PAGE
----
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Our History: The 1990s

In 1990, the Vice-Chancellor, Berrick Saul, recounted to court that York had been described by a senior member of the Universities Funding Council as "a well-run university with a relatively low profile."

What a difference a decade makes.

By the end of the 1990s, York was dominating national league tables for research and teaching and was receiving international press coverage for achievement across the disciplines.

Rapid growth

The decade was characterised by advancement and recognition. York remained a popular choice amongst prospective students growing from 4,300 to 8,500 students without compromising its high entry standards. As the Sunday Times pointed out, "elitism does not appear to be the price of excellence at York". York was one of only very few universities whose entry from state schools and colleges (around 80 per cent) was the same as the proportion of A-level students in the state system.‌

The introduction of official quality assessments and the proliferation of newspaper league tables saw the University's stock rocket. After years of academic advancement, York began to get the recognition it deserved. National recognition attracted additional funding and investment. Research grants rose to over £20 million per annum, and the University enjoyed one of the highest incomes per researcher in the higher education sector.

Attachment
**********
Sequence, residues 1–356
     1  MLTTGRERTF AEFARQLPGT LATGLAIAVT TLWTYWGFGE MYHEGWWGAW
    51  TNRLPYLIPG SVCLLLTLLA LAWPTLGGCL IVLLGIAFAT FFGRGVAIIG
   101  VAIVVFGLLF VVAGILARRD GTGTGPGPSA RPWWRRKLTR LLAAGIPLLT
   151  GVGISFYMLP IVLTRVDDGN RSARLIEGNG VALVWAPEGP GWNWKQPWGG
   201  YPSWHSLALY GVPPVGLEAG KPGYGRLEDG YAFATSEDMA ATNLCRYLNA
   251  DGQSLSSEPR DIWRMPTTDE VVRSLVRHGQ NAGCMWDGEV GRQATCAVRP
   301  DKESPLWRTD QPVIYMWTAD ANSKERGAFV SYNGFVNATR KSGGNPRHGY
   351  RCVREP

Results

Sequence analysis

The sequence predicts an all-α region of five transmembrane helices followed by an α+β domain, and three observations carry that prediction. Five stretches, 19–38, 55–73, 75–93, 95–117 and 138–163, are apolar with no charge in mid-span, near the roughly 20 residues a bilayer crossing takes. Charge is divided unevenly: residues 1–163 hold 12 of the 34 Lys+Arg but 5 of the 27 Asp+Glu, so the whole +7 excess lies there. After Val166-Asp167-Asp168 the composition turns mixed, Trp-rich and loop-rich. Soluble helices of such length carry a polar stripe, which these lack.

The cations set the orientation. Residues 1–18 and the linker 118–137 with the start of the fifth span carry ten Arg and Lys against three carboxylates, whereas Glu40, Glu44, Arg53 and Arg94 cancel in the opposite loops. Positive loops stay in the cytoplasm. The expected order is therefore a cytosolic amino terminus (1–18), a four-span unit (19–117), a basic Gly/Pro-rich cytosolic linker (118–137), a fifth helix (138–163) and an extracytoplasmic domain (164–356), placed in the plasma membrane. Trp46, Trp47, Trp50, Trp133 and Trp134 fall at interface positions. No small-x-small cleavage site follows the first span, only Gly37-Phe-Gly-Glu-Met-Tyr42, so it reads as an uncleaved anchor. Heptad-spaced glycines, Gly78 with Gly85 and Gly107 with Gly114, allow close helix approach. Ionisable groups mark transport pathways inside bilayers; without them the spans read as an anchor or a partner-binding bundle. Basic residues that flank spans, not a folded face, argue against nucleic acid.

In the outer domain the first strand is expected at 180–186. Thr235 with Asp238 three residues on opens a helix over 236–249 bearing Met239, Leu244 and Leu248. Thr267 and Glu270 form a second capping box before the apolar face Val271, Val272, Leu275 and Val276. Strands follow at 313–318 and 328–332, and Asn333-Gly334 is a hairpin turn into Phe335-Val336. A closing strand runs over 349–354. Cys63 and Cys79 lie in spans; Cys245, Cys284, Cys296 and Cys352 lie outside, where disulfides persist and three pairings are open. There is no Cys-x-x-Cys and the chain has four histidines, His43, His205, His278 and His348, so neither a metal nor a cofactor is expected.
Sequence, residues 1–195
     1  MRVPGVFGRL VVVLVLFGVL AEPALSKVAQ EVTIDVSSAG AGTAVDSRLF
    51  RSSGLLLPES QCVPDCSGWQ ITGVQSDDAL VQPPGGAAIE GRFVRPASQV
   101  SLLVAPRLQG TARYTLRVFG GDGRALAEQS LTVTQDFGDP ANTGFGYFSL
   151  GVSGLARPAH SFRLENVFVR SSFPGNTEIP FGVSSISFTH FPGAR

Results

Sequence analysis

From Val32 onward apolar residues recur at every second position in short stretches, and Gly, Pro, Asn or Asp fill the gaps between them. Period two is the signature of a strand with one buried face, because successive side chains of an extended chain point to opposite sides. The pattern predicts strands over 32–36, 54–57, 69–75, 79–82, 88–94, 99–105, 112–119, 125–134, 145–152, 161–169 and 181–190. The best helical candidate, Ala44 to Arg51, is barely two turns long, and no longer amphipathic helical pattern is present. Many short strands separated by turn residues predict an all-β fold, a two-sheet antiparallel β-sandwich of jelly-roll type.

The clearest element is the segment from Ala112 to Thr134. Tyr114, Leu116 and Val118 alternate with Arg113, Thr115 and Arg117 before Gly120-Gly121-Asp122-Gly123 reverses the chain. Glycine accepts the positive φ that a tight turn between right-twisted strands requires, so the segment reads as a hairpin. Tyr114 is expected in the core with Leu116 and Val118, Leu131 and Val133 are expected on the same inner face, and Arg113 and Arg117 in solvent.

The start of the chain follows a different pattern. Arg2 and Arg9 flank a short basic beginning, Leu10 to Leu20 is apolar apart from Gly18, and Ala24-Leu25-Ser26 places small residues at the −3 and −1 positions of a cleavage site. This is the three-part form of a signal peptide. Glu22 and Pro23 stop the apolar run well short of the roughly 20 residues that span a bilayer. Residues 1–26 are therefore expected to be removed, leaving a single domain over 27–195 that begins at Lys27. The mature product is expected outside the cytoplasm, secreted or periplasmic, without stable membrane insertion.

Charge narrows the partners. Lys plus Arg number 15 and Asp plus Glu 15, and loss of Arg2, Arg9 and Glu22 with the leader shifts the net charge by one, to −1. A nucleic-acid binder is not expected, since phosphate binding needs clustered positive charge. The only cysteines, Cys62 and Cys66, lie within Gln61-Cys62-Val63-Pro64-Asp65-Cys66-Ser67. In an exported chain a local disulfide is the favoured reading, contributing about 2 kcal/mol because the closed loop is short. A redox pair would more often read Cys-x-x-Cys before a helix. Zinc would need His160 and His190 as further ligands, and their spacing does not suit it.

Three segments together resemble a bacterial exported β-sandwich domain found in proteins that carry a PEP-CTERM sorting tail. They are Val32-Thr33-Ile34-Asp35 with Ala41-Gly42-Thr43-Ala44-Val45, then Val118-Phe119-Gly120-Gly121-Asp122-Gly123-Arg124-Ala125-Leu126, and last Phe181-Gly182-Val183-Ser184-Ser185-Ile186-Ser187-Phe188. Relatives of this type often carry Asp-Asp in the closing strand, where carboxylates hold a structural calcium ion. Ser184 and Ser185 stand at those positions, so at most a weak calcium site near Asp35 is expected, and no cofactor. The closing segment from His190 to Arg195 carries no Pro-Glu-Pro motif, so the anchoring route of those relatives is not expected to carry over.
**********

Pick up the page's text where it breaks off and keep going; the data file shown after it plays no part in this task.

A competitive market

A relationship with industry was more actively courted, and the University began to develop a more entrepreneurial side to its character. The Science Park opened in 1991 with Smith & Nephew as its first tenant. Developed to enhance links between the University and commerce, it now houses a cluster of knowledge-led businesses and is known as a key national incubator of biotech and IT start-ups.

Students' approach to education paralleled the University's move closer to industry. Faced with the introduction of tuition fees and loans, students increasingly began to see their education as an investment.

A York education was still attractive for its rigour and opportunity for personal development, but students were concerned with their "employability" after graduation. The graduate job market became very competitive. The University responded with new flexible courses and the "York Award", focusing on transferable skills.

Explore our history:

Vice-Chancellors

Professor Berrick Saul

Professor Berrick Saul

1979 - 1993

 

Professor Sir Ron Cooke

Professor Sir Ron Cooke

1993 - 2002


Chancellors

Lord Swann

Lord Swan

1979 - 1990

Dame Janet Baker

Dame Janet Baker

1991 - 2004


Students' Union Presidents

1990/91 James Minton
1991/92 David Wheeldon
1992/93 Benjamin Drake
1993/94 Fleur Anderson
1994/95 Lee Findell
1995/96 Jago Parker
1996/97 Fergus Drake
1997/98 Jenny Wood
1998/99 Claire Ainsley
1999/00 Helen Woolnough